Not many changes for U.S. supply and demand outlook
The USDA made little to no changes to the domestic balance sheets for corn, soybeans, or wheat. Ahead of the report, most analysts were expecting minor changes, with minimal influence from demand expectations for China or impact from the coronavirus. 2019/20 U.S. corn ending stocks were unchanged at 1.892 billion bushels, with the USDA lowering the average price outlook $.05 to $3.80 per bushel, and soybean ending stocks were steady at 425 million bushels, with the USDA also lowering the price outlook for beans by $.05 to $8.70. No changes were made for wheat, with ending stocks seen at 940 million bushels with an average price of $4.55 per bushel. Wheat is now in the final quarter of the marketing year while corn and soybeans are just past the halfway point.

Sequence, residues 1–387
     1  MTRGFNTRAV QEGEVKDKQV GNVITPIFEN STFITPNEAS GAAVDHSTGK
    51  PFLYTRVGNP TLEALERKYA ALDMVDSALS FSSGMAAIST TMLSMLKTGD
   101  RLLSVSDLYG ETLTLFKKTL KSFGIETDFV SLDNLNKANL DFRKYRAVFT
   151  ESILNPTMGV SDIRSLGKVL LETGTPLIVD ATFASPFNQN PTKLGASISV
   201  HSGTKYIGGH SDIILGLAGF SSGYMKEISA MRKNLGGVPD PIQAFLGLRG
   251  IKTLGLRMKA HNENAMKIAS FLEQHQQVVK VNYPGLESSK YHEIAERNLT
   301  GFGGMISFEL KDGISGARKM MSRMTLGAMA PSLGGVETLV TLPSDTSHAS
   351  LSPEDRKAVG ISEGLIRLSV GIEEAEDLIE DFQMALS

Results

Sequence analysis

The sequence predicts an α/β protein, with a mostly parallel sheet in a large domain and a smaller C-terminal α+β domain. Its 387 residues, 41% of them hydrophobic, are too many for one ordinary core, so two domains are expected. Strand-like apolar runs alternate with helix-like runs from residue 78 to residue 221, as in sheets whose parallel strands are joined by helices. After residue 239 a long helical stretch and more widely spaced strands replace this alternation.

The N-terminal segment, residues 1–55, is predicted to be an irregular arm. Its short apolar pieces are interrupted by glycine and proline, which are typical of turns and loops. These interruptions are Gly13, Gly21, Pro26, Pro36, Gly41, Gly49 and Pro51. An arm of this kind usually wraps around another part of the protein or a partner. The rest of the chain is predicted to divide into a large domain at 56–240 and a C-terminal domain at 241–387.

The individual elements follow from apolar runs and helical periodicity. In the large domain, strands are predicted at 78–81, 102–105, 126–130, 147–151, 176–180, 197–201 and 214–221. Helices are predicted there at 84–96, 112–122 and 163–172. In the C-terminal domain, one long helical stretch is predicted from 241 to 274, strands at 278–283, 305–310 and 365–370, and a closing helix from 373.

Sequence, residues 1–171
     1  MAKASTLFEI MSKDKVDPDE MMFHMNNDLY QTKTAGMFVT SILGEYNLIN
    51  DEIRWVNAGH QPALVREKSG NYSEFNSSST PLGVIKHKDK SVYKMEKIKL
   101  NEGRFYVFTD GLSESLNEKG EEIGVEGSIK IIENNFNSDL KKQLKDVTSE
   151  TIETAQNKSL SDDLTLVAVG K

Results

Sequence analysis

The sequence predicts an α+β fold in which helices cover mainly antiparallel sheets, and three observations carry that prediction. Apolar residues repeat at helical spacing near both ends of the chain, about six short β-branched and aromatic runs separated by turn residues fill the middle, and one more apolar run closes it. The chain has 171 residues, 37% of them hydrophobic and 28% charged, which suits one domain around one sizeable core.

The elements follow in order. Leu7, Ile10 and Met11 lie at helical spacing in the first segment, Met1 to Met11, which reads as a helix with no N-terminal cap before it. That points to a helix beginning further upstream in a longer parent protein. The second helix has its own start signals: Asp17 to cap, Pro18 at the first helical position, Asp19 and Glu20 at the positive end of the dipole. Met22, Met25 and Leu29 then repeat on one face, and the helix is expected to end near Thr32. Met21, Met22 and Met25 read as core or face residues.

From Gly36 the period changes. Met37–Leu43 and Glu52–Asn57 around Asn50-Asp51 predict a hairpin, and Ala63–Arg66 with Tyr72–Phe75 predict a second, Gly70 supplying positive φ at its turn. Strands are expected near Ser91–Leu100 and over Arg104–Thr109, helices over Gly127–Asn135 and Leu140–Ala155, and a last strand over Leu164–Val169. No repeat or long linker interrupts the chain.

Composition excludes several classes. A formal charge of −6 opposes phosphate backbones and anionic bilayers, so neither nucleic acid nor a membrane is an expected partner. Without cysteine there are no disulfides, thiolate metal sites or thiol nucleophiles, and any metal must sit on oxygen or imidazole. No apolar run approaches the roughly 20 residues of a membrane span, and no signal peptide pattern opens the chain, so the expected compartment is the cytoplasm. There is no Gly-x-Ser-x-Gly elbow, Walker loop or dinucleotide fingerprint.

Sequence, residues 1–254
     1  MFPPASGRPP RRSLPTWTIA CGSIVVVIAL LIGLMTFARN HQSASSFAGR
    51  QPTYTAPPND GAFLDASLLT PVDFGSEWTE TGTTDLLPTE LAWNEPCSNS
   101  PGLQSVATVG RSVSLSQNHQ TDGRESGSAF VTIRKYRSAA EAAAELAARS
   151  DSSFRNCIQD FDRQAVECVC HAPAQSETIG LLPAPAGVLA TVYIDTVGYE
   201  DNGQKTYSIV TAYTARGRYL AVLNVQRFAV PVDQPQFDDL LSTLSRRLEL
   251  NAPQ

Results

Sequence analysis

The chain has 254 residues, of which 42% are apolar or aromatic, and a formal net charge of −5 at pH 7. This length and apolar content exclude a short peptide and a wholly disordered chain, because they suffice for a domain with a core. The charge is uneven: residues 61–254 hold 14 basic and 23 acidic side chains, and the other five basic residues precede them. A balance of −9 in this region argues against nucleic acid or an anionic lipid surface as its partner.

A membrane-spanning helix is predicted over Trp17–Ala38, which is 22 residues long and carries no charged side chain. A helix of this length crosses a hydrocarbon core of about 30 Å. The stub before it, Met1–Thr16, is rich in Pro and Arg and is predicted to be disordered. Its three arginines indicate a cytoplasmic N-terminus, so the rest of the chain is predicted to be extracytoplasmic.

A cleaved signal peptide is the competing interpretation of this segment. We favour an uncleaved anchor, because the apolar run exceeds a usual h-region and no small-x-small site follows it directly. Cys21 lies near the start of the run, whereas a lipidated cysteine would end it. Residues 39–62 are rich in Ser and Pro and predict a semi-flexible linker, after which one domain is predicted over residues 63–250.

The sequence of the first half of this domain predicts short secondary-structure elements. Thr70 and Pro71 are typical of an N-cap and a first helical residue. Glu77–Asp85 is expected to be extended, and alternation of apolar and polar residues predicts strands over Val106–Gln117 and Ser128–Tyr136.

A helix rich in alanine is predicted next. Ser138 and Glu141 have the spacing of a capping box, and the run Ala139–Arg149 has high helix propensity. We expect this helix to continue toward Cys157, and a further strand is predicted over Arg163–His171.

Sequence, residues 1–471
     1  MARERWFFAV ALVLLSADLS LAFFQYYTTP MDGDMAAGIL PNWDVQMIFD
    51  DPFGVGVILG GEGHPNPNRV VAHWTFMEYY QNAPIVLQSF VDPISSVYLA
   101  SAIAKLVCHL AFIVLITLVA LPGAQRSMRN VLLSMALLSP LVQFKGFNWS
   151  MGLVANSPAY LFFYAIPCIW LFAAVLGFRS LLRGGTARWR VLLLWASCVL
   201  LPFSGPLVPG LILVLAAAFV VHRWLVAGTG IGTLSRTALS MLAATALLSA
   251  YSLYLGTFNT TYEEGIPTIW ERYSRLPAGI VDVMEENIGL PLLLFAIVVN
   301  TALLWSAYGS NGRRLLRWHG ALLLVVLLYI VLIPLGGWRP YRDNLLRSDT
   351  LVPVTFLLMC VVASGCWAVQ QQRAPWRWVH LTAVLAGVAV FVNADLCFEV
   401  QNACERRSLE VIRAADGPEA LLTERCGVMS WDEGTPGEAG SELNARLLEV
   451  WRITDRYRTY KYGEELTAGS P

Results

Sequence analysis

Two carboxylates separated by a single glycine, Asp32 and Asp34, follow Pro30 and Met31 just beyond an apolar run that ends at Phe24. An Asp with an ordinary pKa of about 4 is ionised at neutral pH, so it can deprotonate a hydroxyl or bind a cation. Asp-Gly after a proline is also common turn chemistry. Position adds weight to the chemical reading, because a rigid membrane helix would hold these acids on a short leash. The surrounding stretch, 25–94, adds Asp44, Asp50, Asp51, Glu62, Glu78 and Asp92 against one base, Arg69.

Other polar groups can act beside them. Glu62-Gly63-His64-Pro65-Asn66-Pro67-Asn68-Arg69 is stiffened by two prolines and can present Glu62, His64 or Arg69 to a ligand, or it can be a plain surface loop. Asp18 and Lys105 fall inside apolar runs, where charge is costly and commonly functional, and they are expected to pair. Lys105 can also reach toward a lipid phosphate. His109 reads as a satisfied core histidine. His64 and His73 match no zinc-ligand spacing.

The USDA has raised its’ outlook for soybean production in South America. Brazil’s crop is seen at 126 million tons and Argentina is pegged at 54 million, both up 1 million tons on the month, but with no changes to exports or imports by China, leaving global ending stocks above a month ago. World corn ending stocks and production were both slightly higher than last month, with a bigger crop estimate for South Africa thanks to forecasts for more favorable weather, also increasing exports for South Africa and Ukraine. World wheat ending stocks were down less than a million tons on the month, with production slightly higher, and bigger export projections for Argentina and Russia against reductions for Australia and Canada.
The next set of supply and demand estimates is out April 9th.